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McMaster Modular Assessment Program (McMAP) Through the Years: Residents’ Experience of an Evolving Feedback Culture Created by a Programmatic, Workplace-Based Assessment System Over a Three-Year Period

Li, Shelly-Anne, MSc; Sherbino, Jonathan, MD, MEd; Chan, Teresa M., MD, MHPE

doi: 10.1097/ACM.0000000000001368
RIME Oral Abstracts
Free

University of Toronto

McMaster University, and

McMaster University

Correspondence: Teresa M. Chan, MD, MHPE; e-mail: teresa.chan@medportal.ca.

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Purpose:

Assessing resident competency in emergency department (ED) settings requires observing a substantial number of work-based skills and tasks. The McMaster Modular Assessment Program (McMAP) is a novel, workplace-based assessment (WBA) system that uses task-specific and global low-stakes assessments of resident performance. The evaluation of a WBA program three years after implementation is described.

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Method:

We used a qualitative approach, conducting focus groups with resident physicians in all five postgraduate years (N = 26) who used McMAP as part of McMaster University’s emergency medicine residency program. Responses were triangulated using a follow-up written survey. Data were analyzed using theory-based thematic analysis. An audit trail was reviewed to ensure that all themes were captured.

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Results:

Residents identified elements of McMAP that were perceived as supporting or inhibiting learning. Residents shared their opinions on the feasibility of completing daily WBAs, perceptions and utilization of rating scales, and the value of structured feedback (written and verbal) from faculty.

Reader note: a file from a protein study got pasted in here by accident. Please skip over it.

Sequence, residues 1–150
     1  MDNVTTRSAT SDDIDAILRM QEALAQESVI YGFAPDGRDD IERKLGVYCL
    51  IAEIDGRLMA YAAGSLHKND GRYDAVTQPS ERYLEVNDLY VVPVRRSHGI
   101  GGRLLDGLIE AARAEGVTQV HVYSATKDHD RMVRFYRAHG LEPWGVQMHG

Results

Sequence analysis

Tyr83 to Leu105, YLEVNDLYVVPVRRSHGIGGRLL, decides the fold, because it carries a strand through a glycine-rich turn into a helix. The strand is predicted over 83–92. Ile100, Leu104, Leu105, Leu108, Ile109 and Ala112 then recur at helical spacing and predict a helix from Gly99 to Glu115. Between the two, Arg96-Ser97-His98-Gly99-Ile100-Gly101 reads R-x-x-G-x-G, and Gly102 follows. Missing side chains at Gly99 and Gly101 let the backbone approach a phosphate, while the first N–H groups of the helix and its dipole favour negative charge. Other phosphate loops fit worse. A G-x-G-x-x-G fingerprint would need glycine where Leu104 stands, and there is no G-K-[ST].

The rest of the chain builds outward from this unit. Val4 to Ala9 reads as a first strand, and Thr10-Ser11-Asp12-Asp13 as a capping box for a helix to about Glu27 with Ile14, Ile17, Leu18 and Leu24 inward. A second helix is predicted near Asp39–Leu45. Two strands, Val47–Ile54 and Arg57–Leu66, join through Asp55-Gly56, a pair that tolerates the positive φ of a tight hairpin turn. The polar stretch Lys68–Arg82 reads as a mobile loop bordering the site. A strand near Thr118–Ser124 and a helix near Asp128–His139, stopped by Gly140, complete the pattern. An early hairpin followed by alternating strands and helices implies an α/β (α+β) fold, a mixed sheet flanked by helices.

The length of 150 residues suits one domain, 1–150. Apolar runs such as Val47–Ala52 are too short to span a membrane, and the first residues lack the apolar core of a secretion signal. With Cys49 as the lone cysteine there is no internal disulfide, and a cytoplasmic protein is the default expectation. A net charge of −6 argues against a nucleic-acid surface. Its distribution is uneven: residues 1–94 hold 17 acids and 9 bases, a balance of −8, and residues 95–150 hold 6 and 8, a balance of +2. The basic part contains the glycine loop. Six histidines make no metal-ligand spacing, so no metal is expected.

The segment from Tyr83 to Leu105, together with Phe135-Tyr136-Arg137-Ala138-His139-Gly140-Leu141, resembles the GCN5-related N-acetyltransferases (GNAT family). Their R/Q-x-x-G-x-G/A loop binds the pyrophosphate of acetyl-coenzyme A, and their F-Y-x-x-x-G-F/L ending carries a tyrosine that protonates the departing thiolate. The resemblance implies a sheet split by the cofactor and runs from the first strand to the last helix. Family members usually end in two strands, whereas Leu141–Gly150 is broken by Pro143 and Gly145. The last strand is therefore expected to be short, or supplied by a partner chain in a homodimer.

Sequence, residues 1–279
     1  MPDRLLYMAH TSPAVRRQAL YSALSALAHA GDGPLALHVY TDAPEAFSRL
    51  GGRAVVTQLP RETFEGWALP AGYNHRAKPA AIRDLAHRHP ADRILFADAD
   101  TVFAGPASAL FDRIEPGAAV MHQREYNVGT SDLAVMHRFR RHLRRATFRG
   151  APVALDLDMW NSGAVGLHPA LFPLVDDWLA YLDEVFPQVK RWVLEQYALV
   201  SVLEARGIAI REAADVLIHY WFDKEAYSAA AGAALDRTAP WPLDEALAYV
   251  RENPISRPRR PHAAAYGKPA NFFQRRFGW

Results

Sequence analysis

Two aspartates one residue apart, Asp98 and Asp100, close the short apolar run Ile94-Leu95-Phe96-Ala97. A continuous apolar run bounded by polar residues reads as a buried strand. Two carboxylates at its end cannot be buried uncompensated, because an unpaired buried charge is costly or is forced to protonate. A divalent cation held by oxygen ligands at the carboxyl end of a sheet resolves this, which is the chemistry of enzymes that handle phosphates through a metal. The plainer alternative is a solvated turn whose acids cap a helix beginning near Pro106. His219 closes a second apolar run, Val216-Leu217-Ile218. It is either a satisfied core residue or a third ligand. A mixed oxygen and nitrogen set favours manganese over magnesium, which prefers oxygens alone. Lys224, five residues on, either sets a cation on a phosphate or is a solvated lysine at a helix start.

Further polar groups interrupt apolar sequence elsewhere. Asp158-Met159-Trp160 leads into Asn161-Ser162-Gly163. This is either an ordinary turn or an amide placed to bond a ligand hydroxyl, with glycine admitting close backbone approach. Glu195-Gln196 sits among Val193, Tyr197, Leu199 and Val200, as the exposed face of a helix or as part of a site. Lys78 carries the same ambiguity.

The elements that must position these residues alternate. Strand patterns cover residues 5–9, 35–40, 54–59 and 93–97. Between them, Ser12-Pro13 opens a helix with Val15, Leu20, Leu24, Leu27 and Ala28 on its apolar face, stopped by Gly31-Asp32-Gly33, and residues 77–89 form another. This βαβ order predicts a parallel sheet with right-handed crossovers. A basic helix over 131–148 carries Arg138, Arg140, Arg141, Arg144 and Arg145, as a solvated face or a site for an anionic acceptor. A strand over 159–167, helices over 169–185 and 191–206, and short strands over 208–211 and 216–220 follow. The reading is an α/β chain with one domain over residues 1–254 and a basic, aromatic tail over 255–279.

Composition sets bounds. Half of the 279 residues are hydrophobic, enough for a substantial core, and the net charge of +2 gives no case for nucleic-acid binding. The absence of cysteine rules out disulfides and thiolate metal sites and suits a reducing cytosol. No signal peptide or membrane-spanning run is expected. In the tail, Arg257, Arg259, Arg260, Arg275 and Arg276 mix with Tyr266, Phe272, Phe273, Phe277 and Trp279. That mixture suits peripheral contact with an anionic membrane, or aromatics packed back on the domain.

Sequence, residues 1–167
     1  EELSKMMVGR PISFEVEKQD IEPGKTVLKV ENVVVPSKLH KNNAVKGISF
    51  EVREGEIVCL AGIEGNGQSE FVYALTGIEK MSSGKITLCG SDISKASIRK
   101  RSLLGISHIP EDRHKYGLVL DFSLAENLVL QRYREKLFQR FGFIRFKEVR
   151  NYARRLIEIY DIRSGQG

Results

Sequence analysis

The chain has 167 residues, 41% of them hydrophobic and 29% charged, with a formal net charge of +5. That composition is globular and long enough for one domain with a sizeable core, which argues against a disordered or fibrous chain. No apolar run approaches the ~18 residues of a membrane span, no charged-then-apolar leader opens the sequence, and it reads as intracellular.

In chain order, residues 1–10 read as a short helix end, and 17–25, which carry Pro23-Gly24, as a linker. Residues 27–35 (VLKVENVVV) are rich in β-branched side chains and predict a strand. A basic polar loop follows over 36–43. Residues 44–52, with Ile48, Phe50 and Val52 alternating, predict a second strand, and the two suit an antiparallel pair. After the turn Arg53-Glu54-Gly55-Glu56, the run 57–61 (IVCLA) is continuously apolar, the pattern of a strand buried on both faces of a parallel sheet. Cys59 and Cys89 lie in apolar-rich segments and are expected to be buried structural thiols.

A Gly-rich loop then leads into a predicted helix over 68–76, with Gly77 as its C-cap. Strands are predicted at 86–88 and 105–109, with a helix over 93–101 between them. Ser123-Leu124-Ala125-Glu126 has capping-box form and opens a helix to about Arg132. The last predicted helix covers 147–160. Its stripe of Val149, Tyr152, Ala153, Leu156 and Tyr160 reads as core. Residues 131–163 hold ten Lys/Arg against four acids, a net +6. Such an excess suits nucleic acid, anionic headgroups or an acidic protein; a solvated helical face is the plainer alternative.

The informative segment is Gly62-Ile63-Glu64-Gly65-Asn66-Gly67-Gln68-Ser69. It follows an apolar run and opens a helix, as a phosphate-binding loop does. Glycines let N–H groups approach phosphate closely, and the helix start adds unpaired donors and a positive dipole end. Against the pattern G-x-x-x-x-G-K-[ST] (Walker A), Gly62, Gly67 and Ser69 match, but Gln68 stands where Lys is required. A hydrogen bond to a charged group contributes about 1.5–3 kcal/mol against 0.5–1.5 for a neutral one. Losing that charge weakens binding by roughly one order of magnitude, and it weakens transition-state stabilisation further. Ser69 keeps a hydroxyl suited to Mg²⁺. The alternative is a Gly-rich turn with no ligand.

Of great interest was the emergent culture around feedback that is evolving. The residents’ focus groups have suggested to us that there is an emergent culture around learning and feedback that is occurring to meet the demands of the rich, programmatic WBA system we have implemented.

Residents commented extensively on the evolving and improving feedback culture that has been created within our system. Residents noted that McMAP prompted teaching and feedback on topics and areas not previously discussed between faculty–resident dyads. They also noted that at times, much more feedback is given than actually written in the comments, suggesting a high level of formative feedback that is occurring outside of our formal assessment systems. Residents infer that this may be due to variable levels of comfort on the side of the faculty members to act as assessors; although they have much advice to share, they might not be comfortable with using this information in an official assessment capacity.

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Conclusions:

A programmatic approach to WBAs can foster opportunities for feedback, although barriers must still be overcome in order to fully realize the potential of a continuous WBA system. Professional culture change is required to implement and routinely use WBAs over time. Barriers, such as familiarity with assessment system logistics, faculty member discomfort with providing feedback, and empowering residents to ask faculty for direct observations and assessments, must be addressed to realize the potential of a programmatic WBA system.

© 2016 by the Association of American Medical Colleges